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PyroBots research wins state tourament

By Staff | Jan 1, 2010

The PyroBots of Jefferson County win first place for Research Project Presentation at the WV First Lego League State Tournament in Wheeling. Pictured are Robbie Barrat, Baxter Long, Nick Malin and Jedidah Smith.

WHEELING – The Trinity Robo Warriors of Trinity Christian School in Morgantown battled the snow and 16 other teams Saturday to earn its second consecutive West Virginia FIRST Lego League state tournament championship at Wheeling Jesuit University. The PyroBots from Jefferson County won first place in the research project presentation category for their work investigating recyclable green tires.

The winter storm that blanketed West Virginia on Dec. 19 prevented 10 of the 27 teams entered in the annual event from making it to Wheeling. The 27 teams had been the most ever scheduled to compete in the robotics tournament. Still, more than 100 youth ages 9 to 14 took part in the event, which was being held at the Center for Educational Technologies at Wheeling Jesuit for the fifth consecutive year.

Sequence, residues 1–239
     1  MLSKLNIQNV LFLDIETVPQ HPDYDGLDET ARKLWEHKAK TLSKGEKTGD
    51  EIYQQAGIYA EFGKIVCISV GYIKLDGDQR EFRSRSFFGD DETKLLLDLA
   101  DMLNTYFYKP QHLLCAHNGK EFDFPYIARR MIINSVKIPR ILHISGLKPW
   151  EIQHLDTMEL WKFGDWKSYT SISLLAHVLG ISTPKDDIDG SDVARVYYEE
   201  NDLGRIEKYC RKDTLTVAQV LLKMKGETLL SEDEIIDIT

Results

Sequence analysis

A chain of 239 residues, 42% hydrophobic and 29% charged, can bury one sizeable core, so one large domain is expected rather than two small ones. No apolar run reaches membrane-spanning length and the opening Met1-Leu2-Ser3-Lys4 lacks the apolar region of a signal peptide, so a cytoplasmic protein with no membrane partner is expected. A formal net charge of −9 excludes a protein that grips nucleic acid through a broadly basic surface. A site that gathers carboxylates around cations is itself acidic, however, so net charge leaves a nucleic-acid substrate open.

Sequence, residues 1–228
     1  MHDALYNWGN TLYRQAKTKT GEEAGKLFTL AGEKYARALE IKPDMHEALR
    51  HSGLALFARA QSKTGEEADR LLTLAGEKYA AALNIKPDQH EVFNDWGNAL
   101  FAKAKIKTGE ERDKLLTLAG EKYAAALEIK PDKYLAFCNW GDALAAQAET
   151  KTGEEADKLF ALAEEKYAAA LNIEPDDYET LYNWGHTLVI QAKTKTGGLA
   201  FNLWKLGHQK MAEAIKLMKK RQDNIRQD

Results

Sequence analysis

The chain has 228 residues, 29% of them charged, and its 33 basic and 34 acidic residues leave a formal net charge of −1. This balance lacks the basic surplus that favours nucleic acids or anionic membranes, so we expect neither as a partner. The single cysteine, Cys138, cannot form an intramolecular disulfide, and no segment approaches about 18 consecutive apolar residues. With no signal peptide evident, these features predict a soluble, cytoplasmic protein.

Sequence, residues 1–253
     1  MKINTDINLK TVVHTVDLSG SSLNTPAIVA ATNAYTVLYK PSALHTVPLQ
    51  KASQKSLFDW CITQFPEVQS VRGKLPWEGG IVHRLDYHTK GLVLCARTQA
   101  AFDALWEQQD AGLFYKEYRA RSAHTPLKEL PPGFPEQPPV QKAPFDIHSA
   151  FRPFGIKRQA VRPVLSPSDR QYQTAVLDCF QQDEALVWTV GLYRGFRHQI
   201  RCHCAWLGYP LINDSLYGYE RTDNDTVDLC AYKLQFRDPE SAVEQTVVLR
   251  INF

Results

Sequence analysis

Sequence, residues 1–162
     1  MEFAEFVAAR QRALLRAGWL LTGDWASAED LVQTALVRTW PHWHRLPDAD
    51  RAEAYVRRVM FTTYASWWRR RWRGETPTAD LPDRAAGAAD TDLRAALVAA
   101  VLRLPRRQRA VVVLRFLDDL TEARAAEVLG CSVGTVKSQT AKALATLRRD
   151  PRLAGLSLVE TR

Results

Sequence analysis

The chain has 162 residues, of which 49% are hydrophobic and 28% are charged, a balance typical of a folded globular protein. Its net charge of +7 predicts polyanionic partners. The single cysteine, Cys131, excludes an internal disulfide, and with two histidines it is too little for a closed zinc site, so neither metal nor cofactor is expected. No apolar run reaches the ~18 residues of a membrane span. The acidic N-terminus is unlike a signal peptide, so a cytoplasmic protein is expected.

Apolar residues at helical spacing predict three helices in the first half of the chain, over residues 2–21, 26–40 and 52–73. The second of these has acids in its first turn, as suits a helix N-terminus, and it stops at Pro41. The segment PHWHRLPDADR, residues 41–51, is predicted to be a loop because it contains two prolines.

Sponsors of the tournament were the West Virginia NASA Space Grant Consortium, American Electric Power; Wheeling Jesuit University; Health Bridge Imaging of Belpre, Ohio; and LEGO Education.

Members of the winning Robo Warriors are Julian Bailes, Maggie Collins, Josh Broadman, Rebecca Broadman and Christian Hawkinberry. The Robo Warriors are coached by Marie Broadman. Doug Feasline and Rocky Furlong serve as mentors for the team. Perhaps more impressively, Bailes is the only member of the Robo Warriors who was on last year’s championship squad. This also was Colleen Bailes’ first year as coach and also the first year for her assistant, Marie Broadman.